As political deadlock continues in Washington and the two major political parties in the country continue to play ‘gotcha’ politics that do nothing to address the needs of the nation, the Libertarian Party becomes an attractive alternative to the Democrats and Republicans.
The following is an op-ed from an American in his early 30’s who has serious concerns about the political atmosphere in the country and what this means for the future.
Ladies and Gentlemen, Please join me in welcoming the band formerly known as the G.O.P.
After this week, they go by a new nickname, “The Band-Aids.” They released a new hit this week called, “A Very Wasteful Band-Aid.”
On Wednesday, the U.S. House of Representatives voted to allow the United States to keep borrowing money by way of a three month extension. Republicans claimed to be conditional in their support, stating that a budget must be produced by the end of said extension or the pay of federal lawmakers would be withheld.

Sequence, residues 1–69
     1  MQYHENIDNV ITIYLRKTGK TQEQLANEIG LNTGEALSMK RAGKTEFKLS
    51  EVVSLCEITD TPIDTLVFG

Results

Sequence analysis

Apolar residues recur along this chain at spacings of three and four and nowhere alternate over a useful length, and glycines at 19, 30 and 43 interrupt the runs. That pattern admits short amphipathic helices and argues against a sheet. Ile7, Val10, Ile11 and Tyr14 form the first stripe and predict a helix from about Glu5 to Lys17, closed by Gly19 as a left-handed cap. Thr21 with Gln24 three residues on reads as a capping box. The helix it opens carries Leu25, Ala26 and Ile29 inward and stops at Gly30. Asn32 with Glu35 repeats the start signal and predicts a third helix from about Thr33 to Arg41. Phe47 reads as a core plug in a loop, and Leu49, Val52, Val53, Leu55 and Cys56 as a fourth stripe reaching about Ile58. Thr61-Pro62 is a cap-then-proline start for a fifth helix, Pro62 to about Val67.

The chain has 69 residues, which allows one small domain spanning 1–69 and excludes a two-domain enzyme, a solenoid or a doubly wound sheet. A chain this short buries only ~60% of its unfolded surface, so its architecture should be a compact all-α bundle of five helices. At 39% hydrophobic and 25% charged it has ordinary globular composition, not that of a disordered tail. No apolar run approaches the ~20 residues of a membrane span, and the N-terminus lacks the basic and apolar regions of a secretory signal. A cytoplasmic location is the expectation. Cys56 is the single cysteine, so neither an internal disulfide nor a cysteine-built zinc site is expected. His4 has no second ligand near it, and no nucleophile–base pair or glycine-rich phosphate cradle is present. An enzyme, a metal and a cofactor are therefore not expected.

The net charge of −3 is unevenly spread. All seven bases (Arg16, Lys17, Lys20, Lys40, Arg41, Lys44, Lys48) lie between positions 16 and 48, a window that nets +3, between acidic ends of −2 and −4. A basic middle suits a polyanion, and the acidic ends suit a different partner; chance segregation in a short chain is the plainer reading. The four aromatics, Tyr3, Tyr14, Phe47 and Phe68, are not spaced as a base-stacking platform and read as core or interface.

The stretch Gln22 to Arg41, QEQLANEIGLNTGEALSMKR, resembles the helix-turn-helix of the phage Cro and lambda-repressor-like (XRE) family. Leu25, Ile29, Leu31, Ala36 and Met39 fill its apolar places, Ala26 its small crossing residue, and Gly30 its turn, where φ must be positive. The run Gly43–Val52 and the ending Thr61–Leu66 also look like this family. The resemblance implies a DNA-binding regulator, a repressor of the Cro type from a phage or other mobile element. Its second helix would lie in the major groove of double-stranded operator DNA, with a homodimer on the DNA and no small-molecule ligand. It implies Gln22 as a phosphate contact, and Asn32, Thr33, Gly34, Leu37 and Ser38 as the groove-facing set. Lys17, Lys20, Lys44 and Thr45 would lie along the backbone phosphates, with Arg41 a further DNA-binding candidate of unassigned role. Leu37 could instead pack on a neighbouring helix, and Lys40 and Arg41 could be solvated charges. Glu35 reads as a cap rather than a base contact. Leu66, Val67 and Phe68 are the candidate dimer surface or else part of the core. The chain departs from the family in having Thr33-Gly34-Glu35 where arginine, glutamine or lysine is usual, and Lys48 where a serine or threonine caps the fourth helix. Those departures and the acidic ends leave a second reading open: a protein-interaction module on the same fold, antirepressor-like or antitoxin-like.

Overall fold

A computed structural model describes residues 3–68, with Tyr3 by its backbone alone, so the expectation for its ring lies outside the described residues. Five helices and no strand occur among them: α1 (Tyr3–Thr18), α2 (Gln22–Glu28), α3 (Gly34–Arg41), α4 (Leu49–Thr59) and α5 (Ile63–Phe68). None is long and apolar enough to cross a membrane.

That is an interesting threat from a party with such little leverage. But I’ll get back to that.
Being the chair of a county Libertarian party in Indiana, I watched closely to see how our leaders in Congress would vote. I assumed they would offer support to the bill as it had been spoken of favorably by House Speaker John Boehner, who stumped in the Hoosier State for several Republicans during the campaign season.
Myself and others turned to social media asking our elected officials to stay true to the groups who offered support during the campaign season.
As expected, those requests fell on deaf ears.
It was then time to place phone calls and emails to Washington. When we told campaign staffers that we were Libertarians you could hear a snicker, but we asked them to spread the message that we wanted a no vote from our elected officials when it came to further borrowing.